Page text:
It’s certainly true that the GHG BACT Guidance says nothing particularly new about how permitting agencies should perform BACT reviews. … More
I’ve always thought that implementation of EPA’s GHG rules for stationary sources was inevitable in the absence of climate change legislation. The Supreme Court told EPA that GHGs are a pollutant under the Clean Air Act. Given the decision in Massachusetts v. EPA, EPA’s subsequent regulatory moves have been pretty much unavoidable.
Since the statute seems to mandate GHG regulation, only Congressional action could block the rules. While a House majority seemed plausible,… More
Stop the presses: According to the Daily Environment Report, EPA’s director of the Office of Federal Activities, Susan Bromm, has acknowledged that concerns about climate change and environmental justice are “contributing to the size, cost, and time-consuming nature of environmental impact statements….” Nonetheless, Ms. Bromm apparently asserted that these "analyses do not have to be overwhelming,” and she blamed, at least in part, agencies which “overreact to the fear of litigation.”… More
The world of greenhouse gas reporting just got a little more interesting. The Greenhouse Gas Protocol Initiative (a collaboration between the World Resources Institute and the World Business Council for Sustainable Development, and involving the participation of hundreds of companies around the world), released their draft Scope 3 Accounting and Reporting Protocol on November 5th for stakeholder review. The Scope 3 protocol takes the form of two documents – the Product Accounting &… More
For Coal, It’s Not All About Climate Change: Credit Suisse Predicts New Air Rules to Close 60 Gigawatts of Coal Capacity
Last March, I noted that Gina McCarthy’s belief that, in the near term, the biggest impact on GHG emissions would come from EPA’s traditional regulatory programs, rather than through GHG regulation. A report recently released by Credit Suisse indicates that she might be right. Looking at EPA’s upcoming promulgation of the Clean Air Transport Rule and the mercury MACT rule, Credit Suisse predicts that between 50 and 69 gigawatts of old coal plants will be retired between 2013 and 2017 as a result of implementation of the two rules. Credit Suisse also predicts that approximately 100 gigawatts of capacity will require significant additional investment to comply with the rules.… More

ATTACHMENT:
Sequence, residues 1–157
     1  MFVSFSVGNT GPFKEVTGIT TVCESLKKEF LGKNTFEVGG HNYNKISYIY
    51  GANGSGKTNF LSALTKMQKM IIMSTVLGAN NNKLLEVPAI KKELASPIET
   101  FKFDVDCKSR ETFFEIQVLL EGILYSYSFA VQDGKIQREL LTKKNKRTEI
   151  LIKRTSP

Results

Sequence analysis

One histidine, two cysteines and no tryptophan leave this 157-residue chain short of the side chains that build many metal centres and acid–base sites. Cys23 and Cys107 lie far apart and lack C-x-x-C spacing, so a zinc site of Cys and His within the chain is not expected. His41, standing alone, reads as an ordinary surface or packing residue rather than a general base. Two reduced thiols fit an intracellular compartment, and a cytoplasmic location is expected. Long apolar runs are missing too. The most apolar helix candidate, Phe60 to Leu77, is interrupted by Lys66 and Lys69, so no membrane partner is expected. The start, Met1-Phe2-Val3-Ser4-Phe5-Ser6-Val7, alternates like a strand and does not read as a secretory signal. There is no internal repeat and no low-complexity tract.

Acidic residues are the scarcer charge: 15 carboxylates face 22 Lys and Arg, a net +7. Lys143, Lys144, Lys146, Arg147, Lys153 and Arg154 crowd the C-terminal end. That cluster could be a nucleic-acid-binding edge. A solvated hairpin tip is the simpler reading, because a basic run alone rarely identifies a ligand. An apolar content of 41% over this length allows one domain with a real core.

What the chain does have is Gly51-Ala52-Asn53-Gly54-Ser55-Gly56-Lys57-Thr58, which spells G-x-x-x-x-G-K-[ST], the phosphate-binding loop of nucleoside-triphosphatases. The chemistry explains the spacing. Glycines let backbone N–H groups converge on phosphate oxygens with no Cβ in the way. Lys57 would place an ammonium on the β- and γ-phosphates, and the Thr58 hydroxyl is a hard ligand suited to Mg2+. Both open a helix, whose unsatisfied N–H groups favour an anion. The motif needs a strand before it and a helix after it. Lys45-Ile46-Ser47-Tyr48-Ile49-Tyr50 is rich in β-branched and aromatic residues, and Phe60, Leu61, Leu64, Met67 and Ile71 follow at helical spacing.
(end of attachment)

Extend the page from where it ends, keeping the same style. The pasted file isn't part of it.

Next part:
Could carbon-intensive industries and businesses overlooking sustainability soon see their credit ratings fall as a result? Perhaps. According to an article in yesterday’s Daily Environment Report, Standard & Poor’s (S&P) is working on ways to integrate the risks of greenhouse gases into its corporate credit ratings system. The move seems to be driven by factors such as tightening of the EU emissions trading scheme in its third phase, beginning in 2012,… More
High Stakes and Embryonic Law: FIELD Paper Analyzes Prospects for International Climate Change Litigation
With Kyoto Protocol commitments expiring in 2012, will international climate change litigation be used to push governments towards a binding international agreement to reduce greenhouse gas (GHG) emissions? Does a country like Bangladesh, threatened with almost total submersion due to the impacts of sea level rise, have a case under public international law against major emitters such as the United States or China? These are some of the questions addressed in a working paper entitled International Climate Change Litigation and the Negotiation Process,… More
Earlier this week, I posted about the dire prospects for climate change legislation following the fall elections. The alternative to legislation has always been regulation under existing Clean Air Act authority, so it’s appropriate as a follow-up to briefly examine the pressures on EPA as it moves forward with its stationary source GHG regulations. Two headlines from the trade press today brought home just what a tightrope EPA is walking.… More
Just In Case You Hadn’t Realized That Climate Legislation Will Be An Uphill Battle In The Next Congress
It’s been obvious for some time that Republican victories in next month’s elections will only make it more difficult to pass climate legislation. However, perhaps the most telling reminder of the difficulty in passing climate legislation came last week from the Democrats, not the GOP. Governor Joe Manchin, running for Senator Byrd’s seat, was endorsed by the West Virginia Coal Association. Among the bullets noted in the press release,… More